FWIW, I fell asleep in mine in the middle of the day and didn’t wake up until my wife came out looking for me (and this was just in the back yard).May 12, 2019 at 1:10 pm #2493marlin53Participant
It’s a great build and fun to camp inMay 14, 2019 at 1:14 pm #2495
Thanks for the feedback, everyone! I likely will end up building the camper at some point. I have a couple other projects I need to put ahead of this, one of them being de-cluttering the garage so I have a place to build and ultimately store the completed camper. In the meantime I’m having fun researching everything and figuring out how I will do certain things.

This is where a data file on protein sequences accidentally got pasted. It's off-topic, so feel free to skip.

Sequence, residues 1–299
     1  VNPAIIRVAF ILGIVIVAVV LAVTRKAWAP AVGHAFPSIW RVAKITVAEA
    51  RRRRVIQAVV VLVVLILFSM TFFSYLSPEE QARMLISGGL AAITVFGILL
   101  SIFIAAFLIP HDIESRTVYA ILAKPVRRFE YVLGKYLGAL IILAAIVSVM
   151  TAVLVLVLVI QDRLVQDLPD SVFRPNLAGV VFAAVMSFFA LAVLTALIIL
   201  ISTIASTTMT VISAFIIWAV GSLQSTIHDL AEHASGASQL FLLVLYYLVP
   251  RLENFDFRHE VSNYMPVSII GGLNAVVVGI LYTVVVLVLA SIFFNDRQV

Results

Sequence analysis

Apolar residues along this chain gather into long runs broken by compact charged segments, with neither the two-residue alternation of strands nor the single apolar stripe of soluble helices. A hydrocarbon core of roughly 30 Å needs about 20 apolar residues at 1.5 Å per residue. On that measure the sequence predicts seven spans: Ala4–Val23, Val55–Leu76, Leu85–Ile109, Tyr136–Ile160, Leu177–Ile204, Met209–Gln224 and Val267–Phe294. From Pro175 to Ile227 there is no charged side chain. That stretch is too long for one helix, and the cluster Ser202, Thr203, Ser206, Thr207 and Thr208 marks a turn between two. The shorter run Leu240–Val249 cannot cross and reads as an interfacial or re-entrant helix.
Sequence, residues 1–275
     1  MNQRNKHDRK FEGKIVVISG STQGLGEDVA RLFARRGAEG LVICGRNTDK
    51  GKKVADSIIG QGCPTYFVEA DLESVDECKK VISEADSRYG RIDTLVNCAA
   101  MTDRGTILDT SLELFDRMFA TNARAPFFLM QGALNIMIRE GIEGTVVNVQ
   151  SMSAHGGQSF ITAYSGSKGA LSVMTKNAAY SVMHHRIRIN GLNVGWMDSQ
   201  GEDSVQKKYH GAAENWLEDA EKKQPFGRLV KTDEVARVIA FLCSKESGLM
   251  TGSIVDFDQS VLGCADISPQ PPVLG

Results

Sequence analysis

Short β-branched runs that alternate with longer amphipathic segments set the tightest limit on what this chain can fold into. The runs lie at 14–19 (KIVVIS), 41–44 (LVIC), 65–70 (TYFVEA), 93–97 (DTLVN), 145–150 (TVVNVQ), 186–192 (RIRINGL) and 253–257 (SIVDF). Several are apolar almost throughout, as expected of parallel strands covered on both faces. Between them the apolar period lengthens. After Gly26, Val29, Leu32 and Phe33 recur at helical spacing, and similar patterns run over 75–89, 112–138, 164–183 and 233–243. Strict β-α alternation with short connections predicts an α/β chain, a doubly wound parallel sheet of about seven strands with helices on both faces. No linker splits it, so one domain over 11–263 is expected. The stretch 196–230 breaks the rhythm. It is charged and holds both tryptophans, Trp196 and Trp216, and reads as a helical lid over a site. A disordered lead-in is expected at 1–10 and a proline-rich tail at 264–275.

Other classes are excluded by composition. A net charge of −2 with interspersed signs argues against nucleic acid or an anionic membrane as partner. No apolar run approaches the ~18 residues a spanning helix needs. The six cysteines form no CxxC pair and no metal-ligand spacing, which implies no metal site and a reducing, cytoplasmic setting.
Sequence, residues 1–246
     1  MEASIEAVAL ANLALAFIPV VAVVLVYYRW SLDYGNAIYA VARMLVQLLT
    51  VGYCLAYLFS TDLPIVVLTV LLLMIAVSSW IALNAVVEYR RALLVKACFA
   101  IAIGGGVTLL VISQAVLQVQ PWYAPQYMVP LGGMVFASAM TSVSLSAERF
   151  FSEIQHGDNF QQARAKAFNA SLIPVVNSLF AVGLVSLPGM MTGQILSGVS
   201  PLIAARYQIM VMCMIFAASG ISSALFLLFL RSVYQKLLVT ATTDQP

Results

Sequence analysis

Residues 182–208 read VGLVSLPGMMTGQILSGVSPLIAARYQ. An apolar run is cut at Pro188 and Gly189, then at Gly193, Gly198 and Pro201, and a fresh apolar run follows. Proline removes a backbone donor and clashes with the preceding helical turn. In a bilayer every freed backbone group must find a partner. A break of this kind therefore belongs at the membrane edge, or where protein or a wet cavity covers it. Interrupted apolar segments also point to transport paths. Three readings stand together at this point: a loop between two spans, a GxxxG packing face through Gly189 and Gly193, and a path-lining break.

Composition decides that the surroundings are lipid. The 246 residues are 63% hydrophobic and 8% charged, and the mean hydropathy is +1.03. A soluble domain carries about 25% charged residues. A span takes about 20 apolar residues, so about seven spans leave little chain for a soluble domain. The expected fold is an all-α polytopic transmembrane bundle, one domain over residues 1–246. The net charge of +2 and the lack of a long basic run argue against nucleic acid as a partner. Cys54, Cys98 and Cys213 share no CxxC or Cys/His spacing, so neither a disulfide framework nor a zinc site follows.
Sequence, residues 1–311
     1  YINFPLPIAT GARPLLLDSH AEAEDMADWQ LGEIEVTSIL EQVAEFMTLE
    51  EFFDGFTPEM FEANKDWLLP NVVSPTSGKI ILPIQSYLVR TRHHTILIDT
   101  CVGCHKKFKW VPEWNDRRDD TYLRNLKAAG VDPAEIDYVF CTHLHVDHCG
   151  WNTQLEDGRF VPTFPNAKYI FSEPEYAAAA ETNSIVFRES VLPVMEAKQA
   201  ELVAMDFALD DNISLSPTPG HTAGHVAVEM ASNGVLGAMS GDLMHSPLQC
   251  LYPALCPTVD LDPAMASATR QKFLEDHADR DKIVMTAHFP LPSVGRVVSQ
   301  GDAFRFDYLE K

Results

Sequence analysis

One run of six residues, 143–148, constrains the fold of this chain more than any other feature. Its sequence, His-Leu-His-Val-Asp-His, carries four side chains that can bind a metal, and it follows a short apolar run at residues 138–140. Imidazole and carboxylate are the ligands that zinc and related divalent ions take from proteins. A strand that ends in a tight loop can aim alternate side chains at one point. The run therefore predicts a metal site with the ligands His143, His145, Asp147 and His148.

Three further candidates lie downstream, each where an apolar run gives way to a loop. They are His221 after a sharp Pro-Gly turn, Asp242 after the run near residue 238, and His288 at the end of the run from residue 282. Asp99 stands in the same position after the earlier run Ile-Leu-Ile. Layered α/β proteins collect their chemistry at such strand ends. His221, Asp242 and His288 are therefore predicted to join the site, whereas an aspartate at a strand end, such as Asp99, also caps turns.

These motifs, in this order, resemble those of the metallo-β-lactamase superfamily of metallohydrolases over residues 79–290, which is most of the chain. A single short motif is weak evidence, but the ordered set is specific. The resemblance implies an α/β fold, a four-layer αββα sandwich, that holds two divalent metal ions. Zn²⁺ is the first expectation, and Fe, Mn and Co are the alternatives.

As for the sleeping solution for my daughter, I’m thinking a separate tent may actually be a better solution than an attached awning with side room. The problem I see with the awning is that in a lot of the campgrounds around here I’d end up in an RV/trailer space where the camper would be parked on an asphalt pad. No biggie there, but that means I’d be pulling the awning out to an area off the pad to stake it down. Also not a problem, except when you consider there will likely be something between the edge of the asphalt and the awning poles to deal with – either a dropoff of a few inches from the edge of the asphalt, or something like a railroad tie that would poke up through the side room floor. I could just see pulling into certain spots where the side room was pretty much completely unusable, and then it would be a case of “oh great, where does the kid sleep?” Most RV spots seem to indicate they can accommodate one RV or trailer plus a tent, but not necessarily right next to each other. As long as we had a tent big enough to stand up in so it can be a changing room and also double as a screened living room if there’s bugs out, it doesn’t necessarily have to butt right up to the camper. The EZ-Up camping cube looks like a great solution. My only beef with that is it only has one door. If it had two doors I could still set it up right up against the camper door and have an almost seamless side room solution when the site constraints permitted it. Maybe a modification is in order at some point. Hmmm, another project to tackle.